I have a receptacle tester with a button to test GFCI. It works properly in tripping the GFCI if the outlet itself is a GFCI outlet. However when I test it on circuits which have a GFCI breaker nothing happens. is my tester broken is my breaker functioning improperly what's the issue here?

2 Answers 2


If the receptacle is grounded: Yes it should trip it.

If the receptacle has some semi-grounding that is insufficient to clear a dead-short bolted fault (i.e. incapable of flowing 200A without setting the house on fire): Yes it should trip it. And that is fine. A bolted fault is also a ground fault, which should trip the GFCI, ending the event.

If the receptacle is not grounded: No, it should not trip it. That would be disturbing if it did.

If the receptacle is not grounded, but a tester indicates grounded: Then a) no, it should not trip it, and b) that is a bootleg ground that defeats the entire purpose of even having a GFCI /facepalm /Darwin_Award and needs to be corrected ASAP.

If you stick the GFCI tester in a 2-prong cheater and come off the ground tab with a separate wire run across the house to a part of the electrical grounding system: then yes, it should trip it.

  • 1
    It would seem like safety might be improved if someone made a GFCI outlet specifically for applications with no equipment ground, which would connect the grounding pin weakly to neutral (e.g. via 180K resistor and capacitor that together would allow less than 2mA to flow), but trip if significant voltage appeared on that pin. Otherwise, a failure in plugged-in equipment failure that shorts hot to ground wouldn't be able to trip a GFCI unless someone touches it and provides an alternative path to ground.
    – supercat
    Mar 15, 2021 at 18:16
  • @supercat But where would you use it? Can you still legally run receptacle circuits without a ground wire? I'm afraid you're not allowed to stick such a fancy receptacle into an old ungrounded circuit and then claim that the whole thing is still grandfathered in. (But I know next to nothing about the NEC. It certainly wouldn't be allowed this side of the pond.)
    – TooTea
    Mar 15, 2021 at 19:39
  • @TooTea: Given a choice between installing an "ordinary" GFCI outlet to a location without a useful ground wire (which is allowed in the USA, provided the outlet is marked 'No equipment ground'), or installing one with additional safety features, I would think the latter should be seen as preferable. Alternatively, one could construct a device that would attach to four of the five wires on an existing GFCI (line hot/neutral, load hot, and grounding) would add such safety functionality to it. Just a few resistors, a couple diodes, and a transistor.
    – supercat
    Mar 15, 2021 at 20:10
  • @supercat OK, this just shows my level of ignorance of the NEC. You're right, it would be better. Question is whether the potential market for such devices is big enough to pay for the design and certification. I assume these "No equipment ground" receptacles aren't super common.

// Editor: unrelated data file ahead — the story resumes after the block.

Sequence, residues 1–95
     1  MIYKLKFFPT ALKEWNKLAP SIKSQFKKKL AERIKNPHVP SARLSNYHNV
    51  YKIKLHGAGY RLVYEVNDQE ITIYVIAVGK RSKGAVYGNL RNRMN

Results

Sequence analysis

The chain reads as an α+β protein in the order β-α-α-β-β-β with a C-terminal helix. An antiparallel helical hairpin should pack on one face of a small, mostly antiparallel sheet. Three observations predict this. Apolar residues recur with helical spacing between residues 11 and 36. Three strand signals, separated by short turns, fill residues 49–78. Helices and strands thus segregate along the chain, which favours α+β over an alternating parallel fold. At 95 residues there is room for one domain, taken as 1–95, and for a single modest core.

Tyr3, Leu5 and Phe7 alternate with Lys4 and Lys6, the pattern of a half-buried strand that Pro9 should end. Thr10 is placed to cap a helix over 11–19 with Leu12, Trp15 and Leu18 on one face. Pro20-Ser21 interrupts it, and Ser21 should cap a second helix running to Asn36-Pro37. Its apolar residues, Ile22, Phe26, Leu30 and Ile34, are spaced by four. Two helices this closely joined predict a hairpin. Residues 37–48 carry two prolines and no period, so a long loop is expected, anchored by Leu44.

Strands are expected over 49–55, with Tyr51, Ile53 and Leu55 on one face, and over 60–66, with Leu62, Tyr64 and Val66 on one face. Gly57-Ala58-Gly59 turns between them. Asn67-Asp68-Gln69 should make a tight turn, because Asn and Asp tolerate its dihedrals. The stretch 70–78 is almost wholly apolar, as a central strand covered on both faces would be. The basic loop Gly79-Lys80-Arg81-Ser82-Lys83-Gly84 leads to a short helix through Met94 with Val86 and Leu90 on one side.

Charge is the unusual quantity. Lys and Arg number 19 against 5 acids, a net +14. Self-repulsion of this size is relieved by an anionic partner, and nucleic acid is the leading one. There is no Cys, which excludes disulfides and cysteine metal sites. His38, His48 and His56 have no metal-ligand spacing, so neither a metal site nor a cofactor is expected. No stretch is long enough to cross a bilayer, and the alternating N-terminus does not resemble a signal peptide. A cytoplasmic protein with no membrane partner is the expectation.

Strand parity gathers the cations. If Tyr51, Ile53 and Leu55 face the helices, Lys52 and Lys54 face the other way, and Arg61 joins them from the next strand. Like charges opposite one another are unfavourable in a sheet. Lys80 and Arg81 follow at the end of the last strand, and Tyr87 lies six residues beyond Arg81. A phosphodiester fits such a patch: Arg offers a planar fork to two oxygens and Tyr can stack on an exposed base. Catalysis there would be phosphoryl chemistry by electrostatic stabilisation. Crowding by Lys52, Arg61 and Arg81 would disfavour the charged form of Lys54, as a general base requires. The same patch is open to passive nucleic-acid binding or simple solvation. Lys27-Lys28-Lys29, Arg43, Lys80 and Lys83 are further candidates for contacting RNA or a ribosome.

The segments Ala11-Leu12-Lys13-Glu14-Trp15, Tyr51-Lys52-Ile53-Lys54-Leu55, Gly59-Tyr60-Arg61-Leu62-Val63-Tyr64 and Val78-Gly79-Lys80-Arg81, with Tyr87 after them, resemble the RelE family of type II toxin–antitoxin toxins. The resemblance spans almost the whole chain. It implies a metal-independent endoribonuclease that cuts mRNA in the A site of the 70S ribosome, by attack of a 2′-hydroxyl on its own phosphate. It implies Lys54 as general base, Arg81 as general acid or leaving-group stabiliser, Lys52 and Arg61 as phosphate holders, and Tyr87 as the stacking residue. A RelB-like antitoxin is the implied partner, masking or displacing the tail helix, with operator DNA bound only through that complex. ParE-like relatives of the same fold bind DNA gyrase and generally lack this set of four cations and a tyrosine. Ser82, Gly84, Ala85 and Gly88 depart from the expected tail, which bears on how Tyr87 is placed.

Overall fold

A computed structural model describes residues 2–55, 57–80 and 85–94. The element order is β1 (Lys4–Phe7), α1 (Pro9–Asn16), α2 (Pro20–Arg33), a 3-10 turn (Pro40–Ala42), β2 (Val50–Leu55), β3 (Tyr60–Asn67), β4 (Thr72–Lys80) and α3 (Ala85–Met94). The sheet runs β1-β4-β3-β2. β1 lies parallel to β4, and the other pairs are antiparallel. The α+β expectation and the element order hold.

– TooTea
    Mar 15, 2021 at 20:19

Harper's answer is, as usual, totally correct. But to explain why:

GFCI (whether breaker or receptacle) detects a difference between current on hot and current on neutral (or two hots if 240V, but we can ignore that for simplicity).

The internal test of a GFCI does whatever is necessary to test.

An external test - e.g., built in to a 3-light "magic 8-ball" tester - has to cheat a little bit. It takes a bit of the current that would normally be going from hot to neutral and sends it to ground instead. If the ground pin is properly connected then this works and the GFCI trips. If the ground pin is not connected (which can be legitimate it properly labeled when using a GFCI) then the external test tries to send current to ground, but it has no place to go and so that circuit is not completed and the GFCI does not trip, but this does not have any effect on proper operation of the GFCI.

The one exception, as noted by Harper, is a bootleg ground. This is ground connected to neutral in the receptacle. If you have that, a 3-light tester will show everything "OK" (because it can't tell the difference between neutral and ground) but the GFCI test function of that tester will not work. That is the one combination which is an indication of a serious problem. "Open ground" + "GFCI test fail" is OK.

  • 1
    It should be possible to put a big enough inductor between hot and neutral to trip a GFCI.
    – Joshua
    Mar 15, 2021 at 2:19
  • 1
    Something that is capacitively coupled to ground could trip a GFCI, but inductance in and of itself could not. When motors trip GFCIs, it is often because of protection devices which clamp voltage spikes to ground.
    – supercat
    Mar 15, 2021 at 18:17
  • The internal test of a GFCI is just a switch that connects hot to ground (line-side neutral) via a suitable resistor to create the rated ground fault current.
    – TooTea
    Mar 15, 2021 at 19:42
  • @TooTea Really? That is the way an external tester works. But if that's the case then the Test button on a GFCI will not work if there is no ground. Which goes against "GFCI in lieu of ground". So I wonder if that's the case or not... Maybe Harper knows... Mar 15, 2021 at 19:51
  • I mean a GFCI breaker. We don't have receptacle GFCIs around here. But I assume it works the same way, because for breakers the idea is to make the test resemble a real fault as closely as possible, so that you don't get false positive tests (test trips while a real fault does not).
    – TooTea
    Mar 15, 2021 at 19:54

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